Unlike its Austrian opposition, there's no pronounced step in the TR's power delivery to catch you out. And that's certainly welcome in sub-zero conditions. Wending our way between snow covered fields; along frozen mud tracks; down stony trails and not least through a slushy ford that's lethally slippery at the best of times, I’m very thankful for the Husky’s predictable power. Provoke the bike into a slide, or even get caught out by a sudden loss of traction mid-turn, and it's all too easy to catch it with a dash of opposite lock and ride it out without worrying about the back-end overtaking the front. And, as we've said of this engine many times before, it feels as though it'll claw it's way up almost any slope. It may not be high-tech, it may not have the cache of competition variants (not currently, anyway) and it may seem a bit of an old thudder (not that the vibes are particularly intrusive), but it's still a fantastically versatile motor.
Complementing the motor is a braking set-up - single front disc with twin-pot Brembo caliper, and a matching rear - which proved to be just about perfect in the conditions. In fact, the only time it didn't inspire the confidence to grab the lever was when confronted by a river of ice, flowing down the rut I'd chosen, and that's not really a criticism that can be levelled at the brakes! Steady as she goes, and a quick prayer, got me through that.
Whether it will prove to be quite so impressive slowing the bike on a fast, deserted Moroccan piste or on a congested autoroute I couldn't say. But in such treacherous conditions I was more than happy with the way that I could tell exactly when it was going to lock-up, and just how much harder I could squeeze the lever. Whether you'd agree may well depend upon how much dirt you see aboard the TR. There's always a compromise in dual-sport brakes, and that invariably favours off-road feel for on-road stopping power. Monster brakes, long travel suspension and skinny trail tyres rarely make happy bedfellows...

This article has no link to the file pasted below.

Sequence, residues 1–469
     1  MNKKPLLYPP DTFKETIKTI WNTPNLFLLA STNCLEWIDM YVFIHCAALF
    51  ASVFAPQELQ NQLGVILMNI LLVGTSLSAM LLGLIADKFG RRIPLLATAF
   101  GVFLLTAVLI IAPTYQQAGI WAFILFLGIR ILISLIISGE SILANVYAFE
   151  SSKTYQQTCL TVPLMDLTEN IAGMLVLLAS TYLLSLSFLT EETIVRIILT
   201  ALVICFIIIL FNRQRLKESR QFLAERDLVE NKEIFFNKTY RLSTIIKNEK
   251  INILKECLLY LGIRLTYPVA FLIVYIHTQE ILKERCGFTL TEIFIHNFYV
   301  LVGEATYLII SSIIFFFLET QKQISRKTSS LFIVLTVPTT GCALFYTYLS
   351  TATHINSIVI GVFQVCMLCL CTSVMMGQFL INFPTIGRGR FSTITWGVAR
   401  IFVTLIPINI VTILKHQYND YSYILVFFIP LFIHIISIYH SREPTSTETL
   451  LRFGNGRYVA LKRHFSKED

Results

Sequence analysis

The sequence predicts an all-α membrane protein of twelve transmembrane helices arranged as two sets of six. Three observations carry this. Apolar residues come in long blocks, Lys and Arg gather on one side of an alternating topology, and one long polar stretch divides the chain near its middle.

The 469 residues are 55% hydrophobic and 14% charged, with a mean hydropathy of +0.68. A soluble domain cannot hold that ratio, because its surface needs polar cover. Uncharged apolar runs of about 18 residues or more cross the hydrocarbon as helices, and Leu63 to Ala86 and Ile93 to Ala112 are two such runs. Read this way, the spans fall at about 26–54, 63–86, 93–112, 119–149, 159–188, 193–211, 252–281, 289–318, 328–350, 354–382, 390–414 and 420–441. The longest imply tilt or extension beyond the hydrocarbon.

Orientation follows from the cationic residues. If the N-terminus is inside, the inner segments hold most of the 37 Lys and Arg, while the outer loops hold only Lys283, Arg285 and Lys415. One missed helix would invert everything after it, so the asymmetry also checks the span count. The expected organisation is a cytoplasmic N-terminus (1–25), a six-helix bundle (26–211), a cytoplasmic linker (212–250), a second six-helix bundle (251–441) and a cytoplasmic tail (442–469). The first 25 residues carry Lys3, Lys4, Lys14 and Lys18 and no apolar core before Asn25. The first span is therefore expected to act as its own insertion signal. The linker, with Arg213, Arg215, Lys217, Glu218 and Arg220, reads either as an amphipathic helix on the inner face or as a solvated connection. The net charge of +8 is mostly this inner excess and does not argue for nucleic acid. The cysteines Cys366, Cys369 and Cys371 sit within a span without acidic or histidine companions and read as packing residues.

As Cold As Ice
Taking to the tarmac, the 650 is reminiscent of the old F650GS (or its latter day G-GS equivalent, anyhow) only with a fitter engine. The weight rarely becomes an issue, and instead you enjoy threading through one set of flowing turns into the other, maintaining a smooth riding style...
Just as well really, as with the countryside painted a glistening shade of Wintery White and the roads daubed with spots of black ice, this was never going to be a flat-out backroad blast. There's certainly some laughs to be had on the TR, especially if you do get around to lowering the gearing for some added corner-exit punch, but not on this day.
Even running mismatched dirt rubber (our specification, not standard), the Terra was as surefooted as it had been on the trails. The supple springing gave great feedback from the tyres, and with all that weight pushing it into the ground it felt rock-solid on the slick country lanes.